On Monday Eric Scott and I launched a crowdfunding campaign to support a mastodon research project we’ve been working on. We believe California (or maybe western) mastodons have different tooth proportions than mastodons from other part of the country, and in order to test that hypothesis we need to travel to other museums to collect measurements on mastodon specimens from as many locations as possible. In recognition of that campaign, for the next month all my Fossil Friday posts will feature mastodons.
Above is a left upper 3rd molar from Diamond Valley Lake, shown in occlusal view. This tooth was found shattered and painstakingly reconstructed, so even though it’s incomplete it’s an impressive specimen. Below is a lingual view of the same tooth:
The anterior loph (the large ridge on the crown of the tooth) is mostly missing on this specimen, but the other lophs show little or no wear, so this tooth was either unerupted or had only recently erupted. As an aside, while I haven’t checked the numbers to confirm this, a lot of the Diamond Valley Lake mastodons seem to have died when the third molars were partially erupted, maybe in their mid-20s to mid-30s.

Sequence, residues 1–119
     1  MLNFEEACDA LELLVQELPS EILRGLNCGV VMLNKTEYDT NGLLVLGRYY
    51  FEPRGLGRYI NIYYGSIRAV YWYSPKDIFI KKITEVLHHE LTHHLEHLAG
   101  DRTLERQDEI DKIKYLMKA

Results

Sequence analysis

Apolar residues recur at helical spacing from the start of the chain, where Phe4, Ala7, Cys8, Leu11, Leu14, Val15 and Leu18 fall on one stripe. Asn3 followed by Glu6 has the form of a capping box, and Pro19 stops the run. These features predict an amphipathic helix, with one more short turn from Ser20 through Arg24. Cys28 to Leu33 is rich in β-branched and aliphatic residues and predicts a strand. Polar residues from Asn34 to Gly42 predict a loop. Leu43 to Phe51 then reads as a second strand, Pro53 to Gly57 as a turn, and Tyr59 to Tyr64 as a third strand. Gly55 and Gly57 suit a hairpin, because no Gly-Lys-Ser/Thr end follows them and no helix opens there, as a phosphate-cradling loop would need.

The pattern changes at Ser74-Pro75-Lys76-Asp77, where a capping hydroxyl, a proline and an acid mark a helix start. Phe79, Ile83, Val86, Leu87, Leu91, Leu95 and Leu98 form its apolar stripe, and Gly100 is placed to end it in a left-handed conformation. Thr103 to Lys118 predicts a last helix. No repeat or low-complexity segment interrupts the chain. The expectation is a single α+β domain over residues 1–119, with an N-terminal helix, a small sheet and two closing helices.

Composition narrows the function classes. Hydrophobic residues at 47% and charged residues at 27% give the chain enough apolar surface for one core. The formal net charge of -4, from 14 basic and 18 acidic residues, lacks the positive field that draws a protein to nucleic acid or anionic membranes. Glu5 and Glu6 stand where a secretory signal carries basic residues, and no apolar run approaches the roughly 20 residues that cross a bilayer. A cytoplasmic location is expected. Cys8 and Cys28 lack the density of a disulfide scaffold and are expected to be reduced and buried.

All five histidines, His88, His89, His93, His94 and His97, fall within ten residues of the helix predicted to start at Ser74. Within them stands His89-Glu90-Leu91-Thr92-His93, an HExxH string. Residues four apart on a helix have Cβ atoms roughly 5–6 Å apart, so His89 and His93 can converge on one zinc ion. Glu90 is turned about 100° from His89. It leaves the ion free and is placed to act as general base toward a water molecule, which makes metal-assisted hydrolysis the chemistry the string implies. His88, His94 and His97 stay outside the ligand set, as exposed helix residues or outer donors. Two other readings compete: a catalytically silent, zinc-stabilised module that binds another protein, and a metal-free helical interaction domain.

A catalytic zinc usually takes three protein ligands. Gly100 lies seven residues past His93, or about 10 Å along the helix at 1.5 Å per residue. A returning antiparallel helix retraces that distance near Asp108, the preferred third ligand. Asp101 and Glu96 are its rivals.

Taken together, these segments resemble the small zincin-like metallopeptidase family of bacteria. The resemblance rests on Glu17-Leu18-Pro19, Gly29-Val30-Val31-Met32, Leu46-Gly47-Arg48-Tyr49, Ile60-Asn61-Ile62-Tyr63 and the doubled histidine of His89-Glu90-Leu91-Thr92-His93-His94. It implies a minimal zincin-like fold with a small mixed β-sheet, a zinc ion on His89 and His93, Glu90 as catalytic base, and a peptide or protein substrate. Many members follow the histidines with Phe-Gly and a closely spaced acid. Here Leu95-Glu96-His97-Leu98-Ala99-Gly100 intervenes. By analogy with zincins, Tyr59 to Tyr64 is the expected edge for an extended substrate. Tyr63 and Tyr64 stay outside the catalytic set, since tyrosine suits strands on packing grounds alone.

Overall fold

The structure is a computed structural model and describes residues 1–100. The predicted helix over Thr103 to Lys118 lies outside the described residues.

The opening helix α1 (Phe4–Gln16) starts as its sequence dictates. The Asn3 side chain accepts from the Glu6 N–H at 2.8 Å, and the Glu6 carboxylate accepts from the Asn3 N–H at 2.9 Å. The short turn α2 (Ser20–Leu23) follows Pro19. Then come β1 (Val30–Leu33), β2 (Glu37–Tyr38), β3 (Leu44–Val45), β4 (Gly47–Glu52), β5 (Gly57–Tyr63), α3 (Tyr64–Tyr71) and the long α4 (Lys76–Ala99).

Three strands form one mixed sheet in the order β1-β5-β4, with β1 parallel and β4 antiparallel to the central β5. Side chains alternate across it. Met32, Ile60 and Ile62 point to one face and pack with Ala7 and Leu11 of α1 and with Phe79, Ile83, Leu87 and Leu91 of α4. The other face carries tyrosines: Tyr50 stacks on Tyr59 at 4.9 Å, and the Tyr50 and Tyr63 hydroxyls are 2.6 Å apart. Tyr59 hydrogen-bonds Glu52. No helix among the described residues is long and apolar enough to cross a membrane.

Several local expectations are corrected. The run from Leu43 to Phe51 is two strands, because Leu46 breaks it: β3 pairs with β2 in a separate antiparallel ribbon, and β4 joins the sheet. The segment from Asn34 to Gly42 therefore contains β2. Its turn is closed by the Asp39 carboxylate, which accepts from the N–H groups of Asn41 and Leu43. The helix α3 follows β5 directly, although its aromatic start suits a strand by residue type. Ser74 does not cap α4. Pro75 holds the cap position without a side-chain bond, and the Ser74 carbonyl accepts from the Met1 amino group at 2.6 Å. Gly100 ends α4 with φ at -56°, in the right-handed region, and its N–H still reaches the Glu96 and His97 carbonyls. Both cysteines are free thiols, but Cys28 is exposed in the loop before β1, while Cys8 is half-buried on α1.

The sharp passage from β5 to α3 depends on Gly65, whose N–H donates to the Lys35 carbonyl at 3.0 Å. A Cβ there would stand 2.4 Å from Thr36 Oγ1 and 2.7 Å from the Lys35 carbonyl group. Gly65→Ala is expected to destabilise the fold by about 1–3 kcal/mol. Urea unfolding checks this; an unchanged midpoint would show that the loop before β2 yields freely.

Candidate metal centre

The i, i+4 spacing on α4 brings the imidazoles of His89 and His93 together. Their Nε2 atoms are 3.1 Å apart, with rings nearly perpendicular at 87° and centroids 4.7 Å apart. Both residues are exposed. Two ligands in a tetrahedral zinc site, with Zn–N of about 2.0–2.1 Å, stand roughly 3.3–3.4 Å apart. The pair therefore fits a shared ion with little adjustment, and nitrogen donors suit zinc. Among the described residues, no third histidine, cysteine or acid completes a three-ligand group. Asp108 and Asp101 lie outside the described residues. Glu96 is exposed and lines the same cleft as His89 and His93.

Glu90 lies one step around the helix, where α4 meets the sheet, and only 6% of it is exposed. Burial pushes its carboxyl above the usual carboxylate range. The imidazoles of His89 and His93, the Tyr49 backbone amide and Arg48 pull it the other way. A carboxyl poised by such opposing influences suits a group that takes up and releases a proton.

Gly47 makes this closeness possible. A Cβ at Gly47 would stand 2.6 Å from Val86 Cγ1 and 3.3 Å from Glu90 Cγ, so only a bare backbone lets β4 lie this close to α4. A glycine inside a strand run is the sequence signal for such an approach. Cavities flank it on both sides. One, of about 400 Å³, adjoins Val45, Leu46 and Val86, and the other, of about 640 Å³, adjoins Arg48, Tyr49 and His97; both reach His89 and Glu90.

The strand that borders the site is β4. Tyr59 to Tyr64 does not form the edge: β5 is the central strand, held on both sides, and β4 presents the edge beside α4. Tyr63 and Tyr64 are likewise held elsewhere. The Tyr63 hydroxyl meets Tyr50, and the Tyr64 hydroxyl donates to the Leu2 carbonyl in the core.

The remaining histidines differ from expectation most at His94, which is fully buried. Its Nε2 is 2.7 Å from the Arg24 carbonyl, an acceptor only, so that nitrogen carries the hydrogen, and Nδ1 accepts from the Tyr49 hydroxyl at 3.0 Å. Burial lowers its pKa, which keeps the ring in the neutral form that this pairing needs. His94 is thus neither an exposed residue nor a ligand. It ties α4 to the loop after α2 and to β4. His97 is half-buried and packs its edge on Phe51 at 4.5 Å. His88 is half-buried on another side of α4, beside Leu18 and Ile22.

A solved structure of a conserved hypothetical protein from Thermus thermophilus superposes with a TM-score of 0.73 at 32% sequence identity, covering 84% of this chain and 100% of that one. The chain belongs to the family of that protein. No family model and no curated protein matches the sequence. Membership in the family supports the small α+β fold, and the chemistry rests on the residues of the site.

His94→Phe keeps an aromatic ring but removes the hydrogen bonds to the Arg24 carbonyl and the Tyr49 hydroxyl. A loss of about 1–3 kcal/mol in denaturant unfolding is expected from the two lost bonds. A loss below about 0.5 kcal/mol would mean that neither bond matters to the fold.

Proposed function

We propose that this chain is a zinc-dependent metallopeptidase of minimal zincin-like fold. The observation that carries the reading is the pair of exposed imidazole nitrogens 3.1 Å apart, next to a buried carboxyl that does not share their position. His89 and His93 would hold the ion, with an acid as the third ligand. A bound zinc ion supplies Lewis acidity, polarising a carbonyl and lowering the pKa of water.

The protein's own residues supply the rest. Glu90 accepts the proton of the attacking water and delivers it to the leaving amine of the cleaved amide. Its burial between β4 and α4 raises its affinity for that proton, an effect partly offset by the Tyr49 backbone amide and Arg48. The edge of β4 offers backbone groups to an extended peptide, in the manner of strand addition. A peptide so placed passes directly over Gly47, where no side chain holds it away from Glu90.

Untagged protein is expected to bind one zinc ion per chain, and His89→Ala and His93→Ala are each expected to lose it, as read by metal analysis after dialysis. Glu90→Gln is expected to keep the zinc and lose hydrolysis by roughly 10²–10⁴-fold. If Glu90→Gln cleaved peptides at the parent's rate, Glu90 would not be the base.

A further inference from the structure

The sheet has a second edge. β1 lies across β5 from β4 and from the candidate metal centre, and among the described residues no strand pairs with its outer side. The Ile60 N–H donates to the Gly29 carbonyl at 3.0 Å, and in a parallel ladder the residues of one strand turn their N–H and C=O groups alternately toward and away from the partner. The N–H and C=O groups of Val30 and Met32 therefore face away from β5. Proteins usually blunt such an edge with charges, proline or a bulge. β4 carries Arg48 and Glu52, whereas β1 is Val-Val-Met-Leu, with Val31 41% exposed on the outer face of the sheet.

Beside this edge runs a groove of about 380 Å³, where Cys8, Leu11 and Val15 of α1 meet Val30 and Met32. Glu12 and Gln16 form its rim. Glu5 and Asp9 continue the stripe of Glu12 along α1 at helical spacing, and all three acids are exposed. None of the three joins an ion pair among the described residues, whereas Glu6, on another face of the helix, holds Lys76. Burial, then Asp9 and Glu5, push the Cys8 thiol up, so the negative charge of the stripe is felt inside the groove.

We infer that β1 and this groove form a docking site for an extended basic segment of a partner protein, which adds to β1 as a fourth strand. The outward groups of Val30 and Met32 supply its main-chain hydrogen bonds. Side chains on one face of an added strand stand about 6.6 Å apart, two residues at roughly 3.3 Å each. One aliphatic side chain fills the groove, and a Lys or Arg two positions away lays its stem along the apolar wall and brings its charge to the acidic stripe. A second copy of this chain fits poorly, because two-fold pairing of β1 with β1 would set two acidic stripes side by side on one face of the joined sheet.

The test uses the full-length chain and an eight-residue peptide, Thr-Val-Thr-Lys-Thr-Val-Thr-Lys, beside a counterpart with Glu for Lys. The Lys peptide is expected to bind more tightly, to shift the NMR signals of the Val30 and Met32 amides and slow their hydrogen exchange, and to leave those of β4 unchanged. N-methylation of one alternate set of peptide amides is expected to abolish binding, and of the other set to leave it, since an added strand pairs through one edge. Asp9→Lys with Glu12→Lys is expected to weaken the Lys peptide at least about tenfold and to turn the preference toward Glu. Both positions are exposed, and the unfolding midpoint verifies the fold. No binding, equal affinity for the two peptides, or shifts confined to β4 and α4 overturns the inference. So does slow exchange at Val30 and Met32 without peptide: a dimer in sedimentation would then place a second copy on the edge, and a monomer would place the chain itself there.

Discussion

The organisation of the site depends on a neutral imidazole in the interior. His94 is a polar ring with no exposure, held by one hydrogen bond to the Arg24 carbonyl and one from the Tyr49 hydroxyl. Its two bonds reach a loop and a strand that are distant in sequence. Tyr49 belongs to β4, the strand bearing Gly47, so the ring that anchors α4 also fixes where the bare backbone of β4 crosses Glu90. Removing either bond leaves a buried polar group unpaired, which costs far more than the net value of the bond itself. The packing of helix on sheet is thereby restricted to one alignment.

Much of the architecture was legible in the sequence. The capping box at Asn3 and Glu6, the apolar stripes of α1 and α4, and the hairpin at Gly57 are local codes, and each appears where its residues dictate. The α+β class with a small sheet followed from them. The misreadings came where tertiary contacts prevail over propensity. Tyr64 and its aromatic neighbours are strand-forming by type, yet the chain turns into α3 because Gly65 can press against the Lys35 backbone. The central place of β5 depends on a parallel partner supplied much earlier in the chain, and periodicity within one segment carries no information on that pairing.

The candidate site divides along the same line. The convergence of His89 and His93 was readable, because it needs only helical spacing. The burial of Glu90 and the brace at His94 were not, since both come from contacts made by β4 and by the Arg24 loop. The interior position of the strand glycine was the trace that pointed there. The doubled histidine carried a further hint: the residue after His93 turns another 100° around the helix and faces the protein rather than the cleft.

Since the front of this tooth is missing we can’t take a reliable measurement of its length, which means this specimen will probably not end up in our project database; we need to be able to compare the length and width of the tooth crown. But even incomplete, this seems to be a remarkably small tooth even by California standards. Interestingly, our data so far suggests that molar size is not a very good indicator of body size (Max was a big animal with relatively small molars), so even though this tooth is small it doesn’t mean it came from a small mastodon.
We hope you’ll visit experiment.com to help us study these mastodons!